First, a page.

Lobbying continues for urgent care in Sylvan Lake

When Leslie Vidok lost his footing and fell on the steps between his garage and his home a few weeks ago, the pain was excruciating.

When Leslie Vidok lost his footing and fell on the steps between his garage and his home a few weeks ago, the pain was excruciating.

But, because it was Saturday and he didn’t want to bother his family doctor with a minor injury he suffered through the weekend without seeking medical attention.

A visit to the doctor early Monday morning resulted in X-rays and imaging tests being completed. He was later sent to an orthopedic surgeon in Edmonton and treated for a ruptured Achilles tendon and fitted for a cast.

Vidok, who ran unsuccessfully for council in the fall election, said urgent care was one of the planks of his platform.

“I always supported urgent care,” he said.” Now I have fallen through the cracks myself.”

He said he would have gone to an urgent care facility immediately when he injured himself if such a facility was available. The primary reason he did not go to the emergency department at Red Deer Hospital is because he knows they are already overloaded with patients.

“My daughter is a nurse there,” he said. “It’s very busy.”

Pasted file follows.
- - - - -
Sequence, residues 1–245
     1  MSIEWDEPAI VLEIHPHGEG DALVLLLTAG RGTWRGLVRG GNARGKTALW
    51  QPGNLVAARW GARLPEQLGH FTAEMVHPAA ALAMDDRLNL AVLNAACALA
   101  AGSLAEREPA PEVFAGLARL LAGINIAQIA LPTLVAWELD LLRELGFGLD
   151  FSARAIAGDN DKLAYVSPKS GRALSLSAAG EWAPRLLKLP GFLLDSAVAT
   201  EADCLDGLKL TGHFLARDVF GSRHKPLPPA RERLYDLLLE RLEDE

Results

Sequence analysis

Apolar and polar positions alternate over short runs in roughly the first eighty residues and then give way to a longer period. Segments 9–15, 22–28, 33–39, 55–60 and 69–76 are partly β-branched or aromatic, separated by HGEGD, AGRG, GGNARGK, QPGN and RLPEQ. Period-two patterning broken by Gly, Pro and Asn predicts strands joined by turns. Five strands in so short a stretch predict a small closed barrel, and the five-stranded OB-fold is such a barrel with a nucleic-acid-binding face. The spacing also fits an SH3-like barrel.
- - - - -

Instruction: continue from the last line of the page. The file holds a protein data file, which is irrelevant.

Vidok is one of hundreds of Sylvan Lake and area residents who would like to see an urgent care center in Sylvan Lake.

Residents led by an enthusiastic and determined urgent care committee continue to fight for such a facility, a health care need which they say is long overdue in Sylvan Lake.

Recently, it seemed Alberta Health Services, despite the public outcry, had, once again, turned a deaf ear.

However, conflicting reports have surfaced.

Samson told counselors at their Sept. 24 meeting that AHS has made it clear that urgent care for Sylvan Lake was not to be included in a Central Alberta Zone Integrated Plan to be released in November.

Since that time Kerry Bales, senior vice president of Alberta Health Services, Central Zone has said the assertion that Sylvan Lake is not being included in the short and long-term health service planning is incorrect.

“We will continue working with the Urgent Care Committee to find a solution that is right for Sylvan Lake and all of the communities we serve and will have recommendations this year,” she said in a letter to the editor.

Samson said the proof as to what Sylvan Lake receives, if anything, will be in the Zone Integrated Plan.

“Show me the ZIP. There is no sense in having a battle of words.”

Meanwhile Samson encourages the public to continue to write to the health minister and premier urging them to make urgent care a priority.

“We will continue to lobby until we get an urgent care,” she said.